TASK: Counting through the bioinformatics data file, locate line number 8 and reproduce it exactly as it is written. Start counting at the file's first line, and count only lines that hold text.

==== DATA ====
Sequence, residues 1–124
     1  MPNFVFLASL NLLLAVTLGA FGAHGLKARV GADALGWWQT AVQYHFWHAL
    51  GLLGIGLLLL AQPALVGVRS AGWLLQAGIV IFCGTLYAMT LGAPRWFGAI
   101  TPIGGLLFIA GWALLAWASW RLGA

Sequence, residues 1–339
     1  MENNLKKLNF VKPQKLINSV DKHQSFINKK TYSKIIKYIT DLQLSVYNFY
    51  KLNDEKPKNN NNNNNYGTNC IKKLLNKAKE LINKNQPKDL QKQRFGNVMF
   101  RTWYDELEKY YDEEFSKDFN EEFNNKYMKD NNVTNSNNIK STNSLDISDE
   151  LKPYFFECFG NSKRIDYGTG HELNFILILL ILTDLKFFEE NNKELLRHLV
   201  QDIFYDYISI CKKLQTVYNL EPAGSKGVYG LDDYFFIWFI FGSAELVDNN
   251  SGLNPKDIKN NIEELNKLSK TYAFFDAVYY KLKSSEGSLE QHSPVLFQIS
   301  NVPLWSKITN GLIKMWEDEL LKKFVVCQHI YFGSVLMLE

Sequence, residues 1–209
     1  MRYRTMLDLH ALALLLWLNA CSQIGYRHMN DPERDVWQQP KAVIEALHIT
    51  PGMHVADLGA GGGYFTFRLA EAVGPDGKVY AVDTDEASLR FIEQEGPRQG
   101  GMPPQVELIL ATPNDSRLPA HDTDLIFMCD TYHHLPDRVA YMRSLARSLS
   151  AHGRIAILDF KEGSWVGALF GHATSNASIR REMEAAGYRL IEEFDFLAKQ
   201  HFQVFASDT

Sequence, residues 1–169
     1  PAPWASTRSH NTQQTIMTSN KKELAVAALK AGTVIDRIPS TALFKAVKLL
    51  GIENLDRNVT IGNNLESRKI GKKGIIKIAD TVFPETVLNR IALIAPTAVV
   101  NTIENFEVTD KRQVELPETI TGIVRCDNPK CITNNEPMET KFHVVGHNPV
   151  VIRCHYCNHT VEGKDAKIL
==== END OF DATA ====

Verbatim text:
   101  RTWYDELEKY YDEEFSKDFN EEFNNKYMKD NNVTNSNNIK STNSLDISDE